NEW YORK—Wilbur Ross Jr. is not like the other Wall Street high rollers like Donald Trump and Carl Icahn. He is a soft-spoken, well-mannered, and impeccably dressed gentleman, and has succeeded on Wall Street, becoming a billionaire in the process.
Unlike the classic private equity raiders, Ross has managed to save jobs during these turnarounds, working closely with the unions. “In our work, which is mainly dealing with distressed situations, we’re able to do good and do well for ourselves at the same time,” Ross claims.
Epoch Times spoke with Ross about the people factor in investing, the current market valuation, China, and his troubled investments in Greece.
EPOCH TIMES: Can you talk about your investment in Greek banks? Eurobank for example is down 90 percent since you invested in 2014.
MR. ROSS: We’ve done very well in banks. We did about a half dozen banks here in the United States during the U.S. banking crisis.
Then when the United States became healthier, these all went public and many of them we’ve sold out of. We then went over to Europe. We went into the Bank of Ireland and that worked very, very well.
We went into Virgin Money, which has also worked very well—it’s now listed on the London exchange. We’ve partially exited that position.
Then more recently we took small positions in Bank of Cyprus and in Eurobank in Greece. Those so far have not worked out as well as the others.
But frequently, for example when we went into bank of Ireland, one week after we closed on our investment, the stock went down 20 percent so it’s not unusual for banks or other companies in the early stages of turnaround to act very badly for a while. That just comes with the territory. But on the fundamentals we’ve very happy with what’s going on at Bank of Cyprus.
You may have noticed Euromoney magazine every year ranks who’s the best bank in Europe and most improved bank and the best CEO. We got best bank and best CEO for the Bank of Cyprus this year. So while the stock has not been good the internal dynamics have been making a lot of progress, so I’m happy with that.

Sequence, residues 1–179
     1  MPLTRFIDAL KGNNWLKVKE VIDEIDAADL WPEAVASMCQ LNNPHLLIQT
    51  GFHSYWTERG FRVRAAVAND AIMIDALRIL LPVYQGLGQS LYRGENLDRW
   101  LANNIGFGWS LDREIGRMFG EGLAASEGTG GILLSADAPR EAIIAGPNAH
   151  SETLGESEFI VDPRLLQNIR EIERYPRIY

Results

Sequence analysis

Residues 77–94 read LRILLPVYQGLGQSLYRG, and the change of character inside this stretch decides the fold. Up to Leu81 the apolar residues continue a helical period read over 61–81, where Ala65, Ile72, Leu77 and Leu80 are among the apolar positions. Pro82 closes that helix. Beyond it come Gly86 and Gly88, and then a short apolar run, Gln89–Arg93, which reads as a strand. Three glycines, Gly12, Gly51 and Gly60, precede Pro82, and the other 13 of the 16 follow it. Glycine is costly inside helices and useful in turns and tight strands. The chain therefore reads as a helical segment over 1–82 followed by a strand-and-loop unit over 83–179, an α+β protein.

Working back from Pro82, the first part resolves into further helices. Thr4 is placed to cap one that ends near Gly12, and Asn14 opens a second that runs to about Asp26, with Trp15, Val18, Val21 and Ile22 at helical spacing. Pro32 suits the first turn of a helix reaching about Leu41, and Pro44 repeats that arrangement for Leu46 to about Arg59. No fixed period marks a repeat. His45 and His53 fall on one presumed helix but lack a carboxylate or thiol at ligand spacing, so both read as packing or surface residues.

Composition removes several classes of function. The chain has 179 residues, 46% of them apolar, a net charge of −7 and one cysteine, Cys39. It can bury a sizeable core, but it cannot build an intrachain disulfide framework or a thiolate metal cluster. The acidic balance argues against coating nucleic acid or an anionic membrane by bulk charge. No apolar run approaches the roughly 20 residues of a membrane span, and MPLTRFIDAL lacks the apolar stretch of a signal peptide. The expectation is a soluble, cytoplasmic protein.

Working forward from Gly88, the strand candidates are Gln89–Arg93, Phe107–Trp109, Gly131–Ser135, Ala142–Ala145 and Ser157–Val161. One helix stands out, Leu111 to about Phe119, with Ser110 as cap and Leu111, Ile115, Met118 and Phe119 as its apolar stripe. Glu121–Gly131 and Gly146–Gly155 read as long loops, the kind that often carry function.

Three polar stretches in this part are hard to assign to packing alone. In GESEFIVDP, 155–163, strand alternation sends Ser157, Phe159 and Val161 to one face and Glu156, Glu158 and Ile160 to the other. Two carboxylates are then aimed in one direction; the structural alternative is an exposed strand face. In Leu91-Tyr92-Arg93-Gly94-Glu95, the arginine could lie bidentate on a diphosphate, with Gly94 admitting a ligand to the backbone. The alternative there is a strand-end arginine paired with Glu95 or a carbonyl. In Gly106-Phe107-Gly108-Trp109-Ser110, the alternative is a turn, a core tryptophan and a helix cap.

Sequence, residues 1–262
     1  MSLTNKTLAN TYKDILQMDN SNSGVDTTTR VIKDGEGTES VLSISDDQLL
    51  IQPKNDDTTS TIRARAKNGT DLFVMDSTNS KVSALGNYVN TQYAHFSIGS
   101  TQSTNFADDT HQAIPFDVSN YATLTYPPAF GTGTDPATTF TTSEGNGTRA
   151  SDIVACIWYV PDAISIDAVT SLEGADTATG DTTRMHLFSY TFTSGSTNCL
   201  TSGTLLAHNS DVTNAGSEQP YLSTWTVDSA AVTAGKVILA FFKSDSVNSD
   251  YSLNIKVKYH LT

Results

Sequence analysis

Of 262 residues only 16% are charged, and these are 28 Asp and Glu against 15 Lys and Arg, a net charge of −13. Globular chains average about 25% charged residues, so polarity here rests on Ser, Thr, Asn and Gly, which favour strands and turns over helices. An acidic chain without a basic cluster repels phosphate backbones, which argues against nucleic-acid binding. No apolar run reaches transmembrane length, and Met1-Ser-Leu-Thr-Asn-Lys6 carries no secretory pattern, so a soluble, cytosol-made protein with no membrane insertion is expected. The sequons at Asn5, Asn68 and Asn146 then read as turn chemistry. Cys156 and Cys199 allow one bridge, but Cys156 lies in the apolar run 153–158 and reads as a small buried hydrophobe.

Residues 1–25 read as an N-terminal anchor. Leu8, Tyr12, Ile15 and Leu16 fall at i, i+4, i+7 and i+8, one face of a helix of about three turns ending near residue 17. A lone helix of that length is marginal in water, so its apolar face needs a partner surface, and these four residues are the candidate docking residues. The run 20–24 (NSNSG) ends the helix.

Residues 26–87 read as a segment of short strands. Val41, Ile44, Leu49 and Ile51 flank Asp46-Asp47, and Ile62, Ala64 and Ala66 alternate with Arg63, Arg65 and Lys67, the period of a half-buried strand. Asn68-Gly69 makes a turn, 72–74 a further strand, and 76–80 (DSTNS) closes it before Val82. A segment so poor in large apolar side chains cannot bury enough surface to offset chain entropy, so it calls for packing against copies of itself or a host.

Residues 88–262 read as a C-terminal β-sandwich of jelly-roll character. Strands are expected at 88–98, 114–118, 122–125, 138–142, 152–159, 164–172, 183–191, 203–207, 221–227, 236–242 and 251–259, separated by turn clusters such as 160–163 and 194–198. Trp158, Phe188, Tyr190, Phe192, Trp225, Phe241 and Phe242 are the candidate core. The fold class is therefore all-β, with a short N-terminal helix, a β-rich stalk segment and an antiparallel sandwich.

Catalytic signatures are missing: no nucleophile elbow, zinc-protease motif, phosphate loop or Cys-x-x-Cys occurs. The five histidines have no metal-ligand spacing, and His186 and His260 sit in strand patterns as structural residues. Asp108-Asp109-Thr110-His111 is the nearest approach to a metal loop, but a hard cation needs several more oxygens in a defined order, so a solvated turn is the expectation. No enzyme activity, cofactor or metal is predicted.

EPOCH TIMES: In Greece, the politics didn’t go quite as planned for you.
MR. ROSS: The Greek situation is more complicated. We went into Greece when [Antonis] Samaras was the prime minister. And I felt that he was making and implementing the kind of reforms that were very much needed; freeing up the labor market, cutting down the barriers to entry in various professions, modernizing the whole economy and reducing the whole dependence of the population on the government.
Then he made a political mistake; he thought he would strengthen his political base by prematurely calling elections. He did call it in February and along came Mr. Tsipras, who promised people everything imaginable and Tsipras defeated Samaris and as everyone knows that lead to a bunch of chaos in the country.
Tsipras now has become a real devotee of reform. I think he is quite serious about living up to the new deal that he has made with [its creditors] what we used to call the Troika [the European Commission, European Central Bank and the IMF], now it’s called the Quadriga I guess, with the four entities [European Stability Mechanism]. So I think what happened in Greece is more of a delay in the reforms than the elimination of them.
EPOCH TIMES: Is there still any value left in Eurobank for you? It would have to go up 10 times for you to just break even.
MR. ROSS: Oh sure, but those are very volatile markets, emerging markets are very volatile. As I said, if it gets through the asset quality review and the stress test [by the ECB], and it still stays at these levels, we would just average down and bring down our average costs.
EPOCH TIMES: So you still believe in the story?
MR. ROSS: I do, assuming that the assumptions used by the ECB are reasonable assumptions and not rather draconian ones.
This interview has been edited for brevity and clarity.
Wilbur Ross Jr. is the chairman and chief strategy officer of WL Ross & Co., an investment management company which is part of Invesco. Before founding WL Ross & Co. in 2000, Ross worked for Rothschild Investments as a bankruptcy adviser and private equity manager. Ross holds a B.A. from Yale College and an M.B.A. from Harvard Business School.